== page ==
Night-Critical Essays

Night-Critical Essays-27
Wiesel shows the reader the major role that God plays in his life, by starting his memoir with Moche, the beadle.Moche is Wiesel's teacher in the mysteries of the Kabbala, and other secret matters of the Jewish religion.

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James Schiffer (ed.), Twelfth Night: New Critical Essays. This volume of essays on Twelfth Night offers a range of approaches to the play, from a reassessment of key editorial puzzles, to explorations of the plays social and intellectual contexts, to significant instances of its performance history.

Two especially rich essays elaborate the ways early modern theories of the faculties and the passions inform the language and action of Twelfth Night.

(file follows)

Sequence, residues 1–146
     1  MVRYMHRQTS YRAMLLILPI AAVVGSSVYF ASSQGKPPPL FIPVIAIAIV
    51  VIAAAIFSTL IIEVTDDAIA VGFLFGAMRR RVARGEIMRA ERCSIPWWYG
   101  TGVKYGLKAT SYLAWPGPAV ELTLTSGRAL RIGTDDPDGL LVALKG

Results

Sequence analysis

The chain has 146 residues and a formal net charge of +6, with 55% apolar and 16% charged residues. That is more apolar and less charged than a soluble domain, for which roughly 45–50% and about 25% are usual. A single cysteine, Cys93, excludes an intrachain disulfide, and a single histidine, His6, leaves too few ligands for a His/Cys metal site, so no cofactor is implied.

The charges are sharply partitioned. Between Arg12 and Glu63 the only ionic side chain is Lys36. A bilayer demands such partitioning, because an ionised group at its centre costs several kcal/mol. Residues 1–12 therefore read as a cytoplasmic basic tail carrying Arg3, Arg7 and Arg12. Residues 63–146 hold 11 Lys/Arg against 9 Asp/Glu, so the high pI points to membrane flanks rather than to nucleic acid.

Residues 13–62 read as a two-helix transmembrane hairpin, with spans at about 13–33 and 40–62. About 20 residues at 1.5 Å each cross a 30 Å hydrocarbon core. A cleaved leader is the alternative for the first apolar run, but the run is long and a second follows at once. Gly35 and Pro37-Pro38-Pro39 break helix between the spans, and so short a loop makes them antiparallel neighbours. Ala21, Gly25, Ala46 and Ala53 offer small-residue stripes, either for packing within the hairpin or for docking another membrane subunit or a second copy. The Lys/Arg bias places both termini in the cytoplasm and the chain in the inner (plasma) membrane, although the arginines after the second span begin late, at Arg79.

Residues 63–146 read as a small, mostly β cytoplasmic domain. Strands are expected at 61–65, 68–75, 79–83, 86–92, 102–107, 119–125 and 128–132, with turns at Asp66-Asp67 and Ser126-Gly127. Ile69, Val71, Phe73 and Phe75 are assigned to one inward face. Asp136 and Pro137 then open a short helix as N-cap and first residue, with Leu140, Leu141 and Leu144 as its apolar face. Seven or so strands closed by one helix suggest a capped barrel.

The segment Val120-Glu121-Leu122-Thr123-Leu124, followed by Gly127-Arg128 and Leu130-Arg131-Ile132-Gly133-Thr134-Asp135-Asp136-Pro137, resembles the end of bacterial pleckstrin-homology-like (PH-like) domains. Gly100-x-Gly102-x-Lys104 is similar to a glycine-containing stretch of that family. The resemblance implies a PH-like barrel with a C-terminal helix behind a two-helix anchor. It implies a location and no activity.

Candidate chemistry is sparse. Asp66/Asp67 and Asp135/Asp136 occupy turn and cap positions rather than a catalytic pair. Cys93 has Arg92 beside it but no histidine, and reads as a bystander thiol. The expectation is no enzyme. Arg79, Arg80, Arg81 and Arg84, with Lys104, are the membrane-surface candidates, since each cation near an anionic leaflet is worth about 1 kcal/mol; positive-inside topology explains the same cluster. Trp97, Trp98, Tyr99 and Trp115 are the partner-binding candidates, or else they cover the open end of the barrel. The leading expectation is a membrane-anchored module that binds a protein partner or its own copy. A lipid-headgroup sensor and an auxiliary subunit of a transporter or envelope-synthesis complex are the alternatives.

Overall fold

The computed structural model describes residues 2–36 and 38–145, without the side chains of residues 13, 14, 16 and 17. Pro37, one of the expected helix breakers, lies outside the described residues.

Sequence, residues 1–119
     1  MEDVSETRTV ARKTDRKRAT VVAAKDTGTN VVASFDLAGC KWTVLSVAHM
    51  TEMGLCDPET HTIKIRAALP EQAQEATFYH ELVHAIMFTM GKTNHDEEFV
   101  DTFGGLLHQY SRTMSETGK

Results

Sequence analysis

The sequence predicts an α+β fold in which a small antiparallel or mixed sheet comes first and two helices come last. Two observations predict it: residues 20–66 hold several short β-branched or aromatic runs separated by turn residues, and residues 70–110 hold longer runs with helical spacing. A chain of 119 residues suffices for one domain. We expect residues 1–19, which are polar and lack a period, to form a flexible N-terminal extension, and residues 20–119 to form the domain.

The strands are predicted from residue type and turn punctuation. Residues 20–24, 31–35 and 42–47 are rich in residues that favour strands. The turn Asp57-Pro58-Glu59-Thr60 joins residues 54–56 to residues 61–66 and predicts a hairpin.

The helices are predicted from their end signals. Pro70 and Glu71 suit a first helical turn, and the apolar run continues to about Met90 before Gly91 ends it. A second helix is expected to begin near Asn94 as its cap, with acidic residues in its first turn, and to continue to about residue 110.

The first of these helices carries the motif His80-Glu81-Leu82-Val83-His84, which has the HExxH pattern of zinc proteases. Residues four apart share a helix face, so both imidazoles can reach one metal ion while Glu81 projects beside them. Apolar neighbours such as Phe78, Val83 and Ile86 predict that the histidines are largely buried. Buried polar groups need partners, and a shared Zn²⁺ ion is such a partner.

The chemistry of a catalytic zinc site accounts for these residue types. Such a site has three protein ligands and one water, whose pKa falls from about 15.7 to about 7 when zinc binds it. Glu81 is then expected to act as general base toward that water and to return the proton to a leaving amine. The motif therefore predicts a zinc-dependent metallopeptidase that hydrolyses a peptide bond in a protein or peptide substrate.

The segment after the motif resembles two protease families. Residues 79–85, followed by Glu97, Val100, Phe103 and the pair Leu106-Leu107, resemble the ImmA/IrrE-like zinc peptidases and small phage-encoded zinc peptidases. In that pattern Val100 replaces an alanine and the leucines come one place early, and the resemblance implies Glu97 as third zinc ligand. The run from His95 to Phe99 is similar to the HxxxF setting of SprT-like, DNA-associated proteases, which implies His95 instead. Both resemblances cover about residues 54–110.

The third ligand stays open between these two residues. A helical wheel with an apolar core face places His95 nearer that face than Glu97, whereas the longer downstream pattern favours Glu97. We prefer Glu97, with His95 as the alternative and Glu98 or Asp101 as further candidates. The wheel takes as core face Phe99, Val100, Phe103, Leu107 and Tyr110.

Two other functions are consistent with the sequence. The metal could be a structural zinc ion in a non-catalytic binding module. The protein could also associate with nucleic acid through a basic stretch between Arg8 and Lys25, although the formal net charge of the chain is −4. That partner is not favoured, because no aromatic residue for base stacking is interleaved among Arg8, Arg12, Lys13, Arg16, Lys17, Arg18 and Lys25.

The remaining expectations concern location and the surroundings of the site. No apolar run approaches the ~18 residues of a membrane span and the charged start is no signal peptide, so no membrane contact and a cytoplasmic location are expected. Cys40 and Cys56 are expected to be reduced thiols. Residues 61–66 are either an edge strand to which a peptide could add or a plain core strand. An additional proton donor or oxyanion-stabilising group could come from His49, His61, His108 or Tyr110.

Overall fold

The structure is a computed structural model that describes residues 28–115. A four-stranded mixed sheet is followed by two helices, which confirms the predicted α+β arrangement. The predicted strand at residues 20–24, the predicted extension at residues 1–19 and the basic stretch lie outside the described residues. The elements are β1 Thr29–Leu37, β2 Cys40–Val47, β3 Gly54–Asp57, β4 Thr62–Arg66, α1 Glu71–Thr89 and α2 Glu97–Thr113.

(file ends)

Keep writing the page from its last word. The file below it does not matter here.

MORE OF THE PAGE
Schiffer's introduction gives an overview of the intertwining history of criticism and performance of Twelfth Night through four centuries, citing some of the most notable commentaries of each kind and demonstrating their relatedness.

Much of this swift-moving "long view" provides food for further thought--for instance, about changing responses to the play's female roles on the part of producers as well as scholars.

Eli Wiesel overcomes this fear by publicly relaying his survival of the Holocaust.

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"Night", his powerful and moving story, touches the hearts of many and teaches his readers a great lesson.

In Buna, one of three prisoners who were hung was a little boy, who was a servant of a member of the resistance group in the camp.

Once the boy was publicly hung, the boy was still alive, just hanging there on the noose for about half an hour.

Wiesel's belief in God is torn away from him by the cruelty of the Nazis and his experiences at the concentration camps.

As a result of Wiesel's degrading faith, Wies...


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